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Detail from Gustavo Boulanger’s Theatrical Rehearsal in the House of an Ancient Rome Poet (1855). Public Domain.
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Res publica and res familiaris:

a property ‘metaphor’?

Olivia Thompson
DPhil candidate, University of Oxford

1. Cicero’s definition of res publica (De Re Publica 1.39)

‘est igitur’ inquit Africanus ‘res publica res populi, populus autem non omnis hominum coetus quoquo modo congregatus, sed coetus multitudinis iuris consensu et utilitatis communione sociatus’

‘A commonwealth,’ said Africanus, ‘is therefore the estate of a people, but a people is not an assembly of people gathered in any way, but an assembly of people allied together by a consensus of law and a partnership of utility.’

2. Malcolm Schofield, ‘Cicero’s definition of res publica’, p. 75.

‘Our account of [the proposition that res publica is the res of a populus] has up to now omitted the most interesting and important feature of Cicero’s handling of res populi. What he has in mind by res populi is “the affairs and interests of the people”. But 3.43ff. is written as though the expression actually meant “the property of the people”.’

[In an argument about mob rule whose first phrases only are preserved, Cicero seems to have reasoned by analogy that sometimes it will be imperative to deprive the people of control over its res, just as the law gives control (‘potestas’) over a madman’s property to his relatives (3.45 Ziegler).]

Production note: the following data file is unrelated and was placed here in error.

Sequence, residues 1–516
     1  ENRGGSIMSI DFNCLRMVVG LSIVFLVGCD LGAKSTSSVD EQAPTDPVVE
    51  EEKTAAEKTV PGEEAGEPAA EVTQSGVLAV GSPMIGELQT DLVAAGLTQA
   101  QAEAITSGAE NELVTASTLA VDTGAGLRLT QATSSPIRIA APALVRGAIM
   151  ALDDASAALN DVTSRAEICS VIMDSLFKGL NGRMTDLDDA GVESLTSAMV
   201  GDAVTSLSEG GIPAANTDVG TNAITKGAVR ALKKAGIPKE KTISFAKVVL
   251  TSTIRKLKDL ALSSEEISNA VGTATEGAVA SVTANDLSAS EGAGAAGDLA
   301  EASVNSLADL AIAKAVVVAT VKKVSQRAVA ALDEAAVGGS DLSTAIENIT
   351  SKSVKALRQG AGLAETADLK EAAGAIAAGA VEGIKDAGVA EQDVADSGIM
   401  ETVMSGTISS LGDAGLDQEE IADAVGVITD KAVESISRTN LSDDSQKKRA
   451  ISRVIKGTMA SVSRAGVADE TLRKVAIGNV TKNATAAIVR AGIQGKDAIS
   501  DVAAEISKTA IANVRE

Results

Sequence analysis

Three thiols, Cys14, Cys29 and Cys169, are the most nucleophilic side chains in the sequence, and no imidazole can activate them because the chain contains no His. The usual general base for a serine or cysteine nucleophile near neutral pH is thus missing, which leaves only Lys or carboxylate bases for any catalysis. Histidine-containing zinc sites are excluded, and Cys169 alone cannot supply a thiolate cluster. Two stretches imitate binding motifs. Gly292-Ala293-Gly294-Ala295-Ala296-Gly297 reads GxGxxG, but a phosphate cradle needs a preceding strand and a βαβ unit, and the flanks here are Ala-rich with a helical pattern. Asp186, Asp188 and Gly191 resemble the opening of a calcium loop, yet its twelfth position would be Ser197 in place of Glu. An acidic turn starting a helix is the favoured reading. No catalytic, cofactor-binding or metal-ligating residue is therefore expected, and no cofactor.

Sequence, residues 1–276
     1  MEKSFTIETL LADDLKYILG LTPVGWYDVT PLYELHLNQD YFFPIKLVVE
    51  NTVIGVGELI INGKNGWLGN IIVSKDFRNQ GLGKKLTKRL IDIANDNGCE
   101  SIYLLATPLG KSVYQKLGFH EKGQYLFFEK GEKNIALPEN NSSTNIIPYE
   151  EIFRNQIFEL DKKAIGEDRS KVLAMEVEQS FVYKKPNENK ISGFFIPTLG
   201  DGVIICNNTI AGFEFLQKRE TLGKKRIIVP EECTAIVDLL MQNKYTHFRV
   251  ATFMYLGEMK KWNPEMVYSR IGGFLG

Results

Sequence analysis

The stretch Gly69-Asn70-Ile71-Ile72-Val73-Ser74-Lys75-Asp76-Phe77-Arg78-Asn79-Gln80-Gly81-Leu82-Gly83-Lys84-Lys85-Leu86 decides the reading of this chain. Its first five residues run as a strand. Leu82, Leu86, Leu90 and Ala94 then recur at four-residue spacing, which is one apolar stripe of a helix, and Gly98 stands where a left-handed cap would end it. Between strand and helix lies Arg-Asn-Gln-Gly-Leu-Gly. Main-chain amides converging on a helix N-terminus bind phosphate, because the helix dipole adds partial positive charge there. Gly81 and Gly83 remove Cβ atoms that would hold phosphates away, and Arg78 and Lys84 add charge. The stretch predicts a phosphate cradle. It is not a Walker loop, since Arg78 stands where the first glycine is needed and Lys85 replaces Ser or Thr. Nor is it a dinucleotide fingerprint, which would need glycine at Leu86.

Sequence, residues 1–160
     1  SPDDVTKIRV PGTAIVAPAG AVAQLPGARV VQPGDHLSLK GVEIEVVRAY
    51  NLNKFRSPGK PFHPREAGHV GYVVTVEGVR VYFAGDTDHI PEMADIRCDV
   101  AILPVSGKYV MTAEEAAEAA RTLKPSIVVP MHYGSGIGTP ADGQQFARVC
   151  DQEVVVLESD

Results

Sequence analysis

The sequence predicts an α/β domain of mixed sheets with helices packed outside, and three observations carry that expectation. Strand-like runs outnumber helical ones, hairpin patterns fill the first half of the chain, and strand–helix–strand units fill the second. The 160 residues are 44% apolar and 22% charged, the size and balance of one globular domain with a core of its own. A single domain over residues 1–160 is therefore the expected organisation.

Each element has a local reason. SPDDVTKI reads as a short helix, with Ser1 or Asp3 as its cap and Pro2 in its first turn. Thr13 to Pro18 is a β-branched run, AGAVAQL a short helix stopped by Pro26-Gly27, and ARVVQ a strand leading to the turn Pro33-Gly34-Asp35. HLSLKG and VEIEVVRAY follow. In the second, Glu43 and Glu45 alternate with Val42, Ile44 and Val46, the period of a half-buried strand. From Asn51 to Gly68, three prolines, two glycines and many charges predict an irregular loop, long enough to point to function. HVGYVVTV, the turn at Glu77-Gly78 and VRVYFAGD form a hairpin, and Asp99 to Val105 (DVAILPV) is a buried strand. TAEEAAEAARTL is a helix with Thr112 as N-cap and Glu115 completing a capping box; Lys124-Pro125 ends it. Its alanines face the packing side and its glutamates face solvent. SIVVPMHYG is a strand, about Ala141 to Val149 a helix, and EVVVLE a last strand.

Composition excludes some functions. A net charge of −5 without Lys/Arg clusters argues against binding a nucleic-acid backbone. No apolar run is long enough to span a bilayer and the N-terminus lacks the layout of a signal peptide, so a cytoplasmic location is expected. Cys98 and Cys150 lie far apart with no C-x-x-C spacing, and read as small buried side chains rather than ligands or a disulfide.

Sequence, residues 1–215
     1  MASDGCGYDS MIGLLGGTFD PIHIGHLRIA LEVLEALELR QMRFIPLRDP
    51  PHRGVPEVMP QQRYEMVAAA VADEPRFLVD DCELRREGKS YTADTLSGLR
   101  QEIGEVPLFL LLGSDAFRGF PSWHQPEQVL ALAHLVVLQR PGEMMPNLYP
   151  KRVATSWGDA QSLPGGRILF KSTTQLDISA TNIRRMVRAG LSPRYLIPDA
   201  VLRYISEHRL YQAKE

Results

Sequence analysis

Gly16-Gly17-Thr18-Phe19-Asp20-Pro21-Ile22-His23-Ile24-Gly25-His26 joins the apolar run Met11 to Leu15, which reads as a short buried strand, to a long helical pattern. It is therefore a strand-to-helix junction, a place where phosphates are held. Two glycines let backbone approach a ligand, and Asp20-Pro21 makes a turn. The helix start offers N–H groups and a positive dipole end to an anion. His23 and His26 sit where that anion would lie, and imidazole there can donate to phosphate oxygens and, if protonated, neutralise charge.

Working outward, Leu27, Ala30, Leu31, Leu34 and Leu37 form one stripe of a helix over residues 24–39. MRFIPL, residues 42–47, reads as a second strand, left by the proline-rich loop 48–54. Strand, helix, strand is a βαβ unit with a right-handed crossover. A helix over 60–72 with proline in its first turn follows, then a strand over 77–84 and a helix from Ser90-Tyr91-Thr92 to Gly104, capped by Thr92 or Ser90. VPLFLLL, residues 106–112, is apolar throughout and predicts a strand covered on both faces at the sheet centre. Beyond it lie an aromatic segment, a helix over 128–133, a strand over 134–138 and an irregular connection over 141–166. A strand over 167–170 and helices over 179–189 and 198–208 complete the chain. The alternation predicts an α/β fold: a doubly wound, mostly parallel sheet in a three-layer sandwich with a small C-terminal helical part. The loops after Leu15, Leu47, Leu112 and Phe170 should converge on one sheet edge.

‘The idea is presumably not that res publica is literally speaking property, but rather that the affairs and interests of the people may be conceived metaphorically as property. When a tyrant or a faction tramples on the proper interests of the people, or conducts its affairs as though they were private affairs, then it is as if there is a theft of public property.

Why did Cicero construe res populi in terms of the property metaphor?’

3. Cicero, De Re Publica, 3.43, 45 Z.

ergo illam rem populi, id est rem publicam, quis diceret tum dum crudelitate unius oppressi essent universi, neque esset unum vinculum iuris nec consensus ac societas coetus, quod est populus? atque hoc idem Syracusis. urbs illa praeclara, quam ait Timaeus Graecarum maxumam, omnium autem esse pulcherrimam, arx visenda, portus usque in sinus oppidi et ad urbis crepidines infusi, viae latae, porticus, templa, muri nihilo magis efficiebant, Dionysio tenente ut esset illa res publica; nihil enim populi, et unius erat populus ipse. ergo ubi tyrannus est, ibi non vitiosam, ut heri dicebam, sed, ut nunc ratio cogit, dicendum est plane nullam esse rem publicam